The Emergency Medical Treatment and Active Labor Act (EMTALA) is a federal law that regulates how hospitals must treat patients with an emergency medical condition or who are in active labor (i.e., about to give birth). EMTALA only applies to hospitals that accept Medicare and Medicaid patients, and covers patients regardless of whether they have health insurance.

What Does EMTALA Require?

If a patient comes to a hospital’s emergency room, the hospital must:

  • Screen the patient to see if they have an emergency medical condition
    • If so, the hospital must either treat the patient or transfer the patient once he has been stabilized enough to make the move

If a pregnant woman comes to a hospital’s emergency room, the hospital must:

  • Screen the patient to see if she is in active labor
    • If so, the hospital must either provide treatment until the child is delivered or transfer the woman if it is safe to do so

What Do These Terms Mean under EMTALA?

While the law defines these terms, their meaning largely depends on the medical judgment of the doctor who is treating the patient. Below is a general interpretation of some common EMTLA terms:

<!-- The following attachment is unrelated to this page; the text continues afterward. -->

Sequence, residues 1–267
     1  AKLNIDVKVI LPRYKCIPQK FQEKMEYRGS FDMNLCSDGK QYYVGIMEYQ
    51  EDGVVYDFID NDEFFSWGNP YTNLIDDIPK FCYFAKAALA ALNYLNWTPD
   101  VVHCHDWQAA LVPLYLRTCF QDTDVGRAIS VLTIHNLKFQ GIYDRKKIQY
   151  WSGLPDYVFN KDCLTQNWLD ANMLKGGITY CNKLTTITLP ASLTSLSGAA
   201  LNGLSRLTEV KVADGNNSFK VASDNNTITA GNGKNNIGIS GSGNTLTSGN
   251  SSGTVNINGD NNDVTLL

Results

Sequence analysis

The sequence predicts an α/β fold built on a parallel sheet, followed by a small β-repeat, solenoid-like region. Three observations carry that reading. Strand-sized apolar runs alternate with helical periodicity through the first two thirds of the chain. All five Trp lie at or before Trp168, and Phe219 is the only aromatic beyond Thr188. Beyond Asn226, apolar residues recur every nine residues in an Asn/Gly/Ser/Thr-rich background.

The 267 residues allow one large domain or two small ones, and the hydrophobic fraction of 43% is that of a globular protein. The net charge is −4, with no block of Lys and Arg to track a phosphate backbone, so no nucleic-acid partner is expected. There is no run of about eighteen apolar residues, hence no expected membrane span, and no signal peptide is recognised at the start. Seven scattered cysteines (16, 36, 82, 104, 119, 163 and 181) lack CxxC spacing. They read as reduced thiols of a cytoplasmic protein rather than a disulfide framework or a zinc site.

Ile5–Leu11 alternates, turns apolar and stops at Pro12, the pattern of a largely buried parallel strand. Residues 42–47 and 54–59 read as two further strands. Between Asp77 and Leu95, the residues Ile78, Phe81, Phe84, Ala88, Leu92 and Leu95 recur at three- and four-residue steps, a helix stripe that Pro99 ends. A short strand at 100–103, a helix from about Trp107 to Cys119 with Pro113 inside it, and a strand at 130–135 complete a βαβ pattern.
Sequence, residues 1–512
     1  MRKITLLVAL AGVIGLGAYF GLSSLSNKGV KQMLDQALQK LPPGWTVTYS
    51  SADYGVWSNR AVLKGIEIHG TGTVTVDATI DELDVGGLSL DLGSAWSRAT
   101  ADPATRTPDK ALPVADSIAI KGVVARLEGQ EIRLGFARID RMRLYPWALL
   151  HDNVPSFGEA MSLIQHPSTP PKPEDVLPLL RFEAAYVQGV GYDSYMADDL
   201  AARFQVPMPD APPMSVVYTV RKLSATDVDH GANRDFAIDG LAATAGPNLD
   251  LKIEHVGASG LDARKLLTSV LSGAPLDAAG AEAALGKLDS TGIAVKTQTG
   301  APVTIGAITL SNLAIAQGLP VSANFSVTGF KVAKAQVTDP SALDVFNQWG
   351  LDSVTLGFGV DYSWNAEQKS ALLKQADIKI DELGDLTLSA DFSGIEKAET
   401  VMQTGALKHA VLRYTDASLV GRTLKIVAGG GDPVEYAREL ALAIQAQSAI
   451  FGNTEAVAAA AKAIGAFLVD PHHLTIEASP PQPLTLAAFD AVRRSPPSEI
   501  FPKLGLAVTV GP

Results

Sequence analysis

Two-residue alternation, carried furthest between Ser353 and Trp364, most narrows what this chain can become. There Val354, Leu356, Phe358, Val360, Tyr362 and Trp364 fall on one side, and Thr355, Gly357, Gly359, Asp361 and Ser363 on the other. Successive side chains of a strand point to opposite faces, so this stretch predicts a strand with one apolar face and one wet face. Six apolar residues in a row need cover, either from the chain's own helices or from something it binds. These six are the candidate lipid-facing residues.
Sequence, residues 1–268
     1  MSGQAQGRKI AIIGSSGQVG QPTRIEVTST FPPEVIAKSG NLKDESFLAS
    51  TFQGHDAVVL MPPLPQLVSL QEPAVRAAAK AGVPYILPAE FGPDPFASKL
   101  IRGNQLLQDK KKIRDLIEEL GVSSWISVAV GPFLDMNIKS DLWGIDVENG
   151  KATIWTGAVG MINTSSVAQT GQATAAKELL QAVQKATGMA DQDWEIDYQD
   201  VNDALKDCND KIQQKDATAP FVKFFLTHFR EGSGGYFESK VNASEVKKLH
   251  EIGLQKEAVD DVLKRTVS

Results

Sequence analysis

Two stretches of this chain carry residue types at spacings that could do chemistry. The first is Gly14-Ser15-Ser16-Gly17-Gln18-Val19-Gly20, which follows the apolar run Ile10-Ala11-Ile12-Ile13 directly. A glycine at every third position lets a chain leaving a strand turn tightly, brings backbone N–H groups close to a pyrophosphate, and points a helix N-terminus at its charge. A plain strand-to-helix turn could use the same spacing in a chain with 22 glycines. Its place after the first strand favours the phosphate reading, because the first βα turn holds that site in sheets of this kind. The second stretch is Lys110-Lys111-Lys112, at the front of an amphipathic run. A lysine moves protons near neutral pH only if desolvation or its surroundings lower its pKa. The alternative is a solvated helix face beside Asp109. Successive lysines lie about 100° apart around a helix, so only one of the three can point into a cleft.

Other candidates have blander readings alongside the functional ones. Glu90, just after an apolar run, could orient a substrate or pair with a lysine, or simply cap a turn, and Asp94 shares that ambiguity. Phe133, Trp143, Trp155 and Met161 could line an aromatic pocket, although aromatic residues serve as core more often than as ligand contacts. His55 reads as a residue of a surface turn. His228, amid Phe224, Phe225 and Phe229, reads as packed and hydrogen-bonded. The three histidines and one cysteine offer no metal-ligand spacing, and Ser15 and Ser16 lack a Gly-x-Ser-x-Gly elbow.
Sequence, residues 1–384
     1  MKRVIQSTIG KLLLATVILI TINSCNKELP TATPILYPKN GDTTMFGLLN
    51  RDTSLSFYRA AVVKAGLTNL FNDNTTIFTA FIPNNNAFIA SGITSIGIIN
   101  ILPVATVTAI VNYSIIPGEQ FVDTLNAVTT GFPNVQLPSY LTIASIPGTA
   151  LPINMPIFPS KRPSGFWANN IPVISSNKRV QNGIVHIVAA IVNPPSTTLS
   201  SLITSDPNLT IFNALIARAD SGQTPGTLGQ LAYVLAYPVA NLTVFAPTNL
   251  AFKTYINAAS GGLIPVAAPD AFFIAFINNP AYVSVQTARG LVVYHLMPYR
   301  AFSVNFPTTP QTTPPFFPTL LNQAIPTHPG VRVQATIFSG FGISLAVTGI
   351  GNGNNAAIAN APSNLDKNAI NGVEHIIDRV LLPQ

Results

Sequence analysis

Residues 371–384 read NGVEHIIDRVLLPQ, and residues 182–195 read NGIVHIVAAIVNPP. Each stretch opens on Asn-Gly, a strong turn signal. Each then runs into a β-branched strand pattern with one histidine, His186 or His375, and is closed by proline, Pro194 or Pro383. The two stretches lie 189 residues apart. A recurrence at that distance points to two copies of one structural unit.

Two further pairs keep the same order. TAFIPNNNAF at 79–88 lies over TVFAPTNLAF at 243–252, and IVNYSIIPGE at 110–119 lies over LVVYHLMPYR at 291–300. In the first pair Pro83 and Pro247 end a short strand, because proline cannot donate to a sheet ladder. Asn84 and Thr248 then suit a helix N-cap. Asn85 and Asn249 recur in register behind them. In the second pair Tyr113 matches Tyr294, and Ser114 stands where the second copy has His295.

• “Emergency condition” – a condition that, if not treated immediately, could result in putting the person’s health in serious danger
  • “Active labor” – refers to a pregnant woman who is having close contractions
  • “Stable” for patients in active labor – the infant and placenta have been delivered
  • “Stable” for patients with an emergency condition – the patient’s condition probably will not get worse during transfer

When Can a Patient Be Transferred?

A patient whose condition has been stabilized can be transferred, if the following requirements are met:

  • The treating doctor decides that the benefits of transfer outweigh the risks
  • The treating doctor explains their decision in writing
  • Another hospital agrees to accept the patient
  • The patient’s medical records are also transferred
  • The transfer is done with the appropriate medical equipment and personnel

Do I Need an Attorney?

If you believe you have been denied medical treatment that is required under EMTALA, you should consider talking to a insurance lawyer. A personal injury lawyer can examine your case to determine if you were denied proper care, explain your legal options, and help you file a lawsuit if necessary.